Saturday, February 14, 2015

This Week in Texas Methodist History   February 15

San Antonio Methodists Honor the Late George Rankin, February 14, 1915

In 1915—one hundred years ago—Valentine’s Day was on a Sunday.  It was also scheduled as the opening session of a week long revival at Travis Park Methodist Church in San Antonio.  The featured preacher for the revival was one of the MECS bishops, Elijah E. Hoss (1849-1919), of Nashville, Tennessee.  Travis Park organizers invited other Methodist churches in the city and also the general public for the opening session on Sunday afternoon, February 14.  

The plans were changed, however, and became a memorial service for George Rankin, the editor of the Texas Christian Advocate who died at his Dallas home on February 2.  The San Antonio Express reported that hundreds of San Antonians attended the services. 

How could a preacher and editor whom most of the audience never met be so popular as to attract a large crowd on Valentine’s Day afternoon?  The answer is that Rankin used the Advocate as a strong voice for the prohibition campaign.  Rankin was a hero to the dry cause and known far beyond the readership of the Advocate for fighting the good fight.

 The Travis Park pastor, the Rev. W. D. Bradfield, started the services with “On with the battle!  There won’t be a stopping until the battle is won.”  Other Methodist ministers followed Bradfield.  J. T. Curry of West End and J. W. Hill of Laurel Heights delivered a flowery, literary eulogy which was reprinted by the Express.  After comparing Rankin to Napoleon, he closed, “Our great Ulysses has gone on his long wanderings, and who is left in Ithaca to bend his mighty bow?” Mrs. Hannah Cluck then sang Rankin’s favorite hymn, Christ is all the World to Me, to the tune of Annie Laurie.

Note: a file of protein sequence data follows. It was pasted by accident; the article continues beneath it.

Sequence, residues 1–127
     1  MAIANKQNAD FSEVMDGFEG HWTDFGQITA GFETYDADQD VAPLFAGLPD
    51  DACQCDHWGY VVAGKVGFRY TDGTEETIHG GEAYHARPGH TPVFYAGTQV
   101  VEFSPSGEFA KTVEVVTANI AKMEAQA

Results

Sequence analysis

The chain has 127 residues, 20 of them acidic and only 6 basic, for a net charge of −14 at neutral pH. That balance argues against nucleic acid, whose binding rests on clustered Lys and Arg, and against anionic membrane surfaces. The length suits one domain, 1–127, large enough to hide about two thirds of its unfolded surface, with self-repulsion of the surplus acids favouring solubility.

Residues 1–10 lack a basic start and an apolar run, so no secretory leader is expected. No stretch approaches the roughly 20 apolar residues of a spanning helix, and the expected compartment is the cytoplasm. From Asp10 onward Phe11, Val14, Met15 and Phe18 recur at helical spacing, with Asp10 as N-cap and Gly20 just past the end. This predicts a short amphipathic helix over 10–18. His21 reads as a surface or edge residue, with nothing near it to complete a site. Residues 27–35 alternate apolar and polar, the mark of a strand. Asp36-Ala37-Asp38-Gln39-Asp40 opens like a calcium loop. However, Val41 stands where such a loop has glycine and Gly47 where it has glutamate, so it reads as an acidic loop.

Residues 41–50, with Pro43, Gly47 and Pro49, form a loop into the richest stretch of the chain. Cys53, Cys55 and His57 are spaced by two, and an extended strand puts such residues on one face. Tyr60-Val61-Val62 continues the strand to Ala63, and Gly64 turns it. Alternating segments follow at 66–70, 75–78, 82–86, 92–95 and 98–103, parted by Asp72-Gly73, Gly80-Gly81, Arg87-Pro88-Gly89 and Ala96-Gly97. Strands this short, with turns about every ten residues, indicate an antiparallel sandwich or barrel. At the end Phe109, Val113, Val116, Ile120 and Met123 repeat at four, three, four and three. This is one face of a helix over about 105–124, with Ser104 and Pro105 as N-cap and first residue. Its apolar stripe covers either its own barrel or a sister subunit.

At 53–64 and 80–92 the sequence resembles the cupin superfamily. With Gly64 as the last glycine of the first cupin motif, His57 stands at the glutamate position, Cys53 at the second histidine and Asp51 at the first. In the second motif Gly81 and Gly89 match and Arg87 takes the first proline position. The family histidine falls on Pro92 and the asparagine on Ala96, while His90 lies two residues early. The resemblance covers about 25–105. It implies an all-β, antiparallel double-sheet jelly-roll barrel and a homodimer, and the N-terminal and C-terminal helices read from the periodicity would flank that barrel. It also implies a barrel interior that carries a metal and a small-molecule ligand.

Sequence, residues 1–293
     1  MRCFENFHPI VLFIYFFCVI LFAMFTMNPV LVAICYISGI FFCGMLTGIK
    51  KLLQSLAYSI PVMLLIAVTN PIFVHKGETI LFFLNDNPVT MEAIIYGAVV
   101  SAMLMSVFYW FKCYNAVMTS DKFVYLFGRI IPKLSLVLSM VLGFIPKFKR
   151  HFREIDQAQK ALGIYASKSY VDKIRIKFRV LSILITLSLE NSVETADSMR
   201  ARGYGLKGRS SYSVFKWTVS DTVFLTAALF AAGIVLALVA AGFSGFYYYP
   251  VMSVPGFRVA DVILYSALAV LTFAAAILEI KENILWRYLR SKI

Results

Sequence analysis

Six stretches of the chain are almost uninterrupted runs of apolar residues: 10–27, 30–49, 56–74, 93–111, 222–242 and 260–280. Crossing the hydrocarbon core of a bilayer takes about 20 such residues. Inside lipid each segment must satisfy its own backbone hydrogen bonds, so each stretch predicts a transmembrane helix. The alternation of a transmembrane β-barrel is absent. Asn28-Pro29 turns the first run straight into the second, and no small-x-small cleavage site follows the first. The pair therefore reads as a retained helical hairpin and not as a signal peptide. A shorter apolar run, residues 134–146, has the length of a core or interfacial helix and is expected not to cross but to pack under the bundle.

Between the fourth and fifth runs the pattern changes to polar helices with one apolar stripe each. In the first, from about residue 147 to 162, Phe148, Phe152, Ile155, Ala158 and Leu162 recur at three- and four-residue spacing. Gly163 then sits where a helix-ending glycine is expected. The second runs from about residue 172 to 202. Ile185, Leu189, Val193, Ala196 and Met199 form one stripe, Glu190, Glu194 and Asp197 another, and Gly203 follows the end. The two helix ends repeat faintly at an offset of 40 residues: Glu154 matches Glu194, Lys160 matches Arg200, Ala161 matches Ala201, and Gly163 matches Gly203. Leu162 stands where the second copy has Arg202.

They weren’t through---J. E. Harrison, president of San Antonio Female College—made a special address to the youth who were present.  He encouraged them to model their lives on the example of Dr. Rankin.  The final words of tribute were delivered by the Presiding Elder, J. H. Groseclose.  

What about Bishop Hoss?  He certainly would have been the featured speaker—He had been elected to the episcopacy from the editorship of the Nashville Christian Advocate, and recognized Rankin as a fellow Christian journalist.  Unfortunately, Bishop Hoss did not arrive in time to participate in the huge outpouring of love for George Rankin and rededication to the cause of prohibition. 


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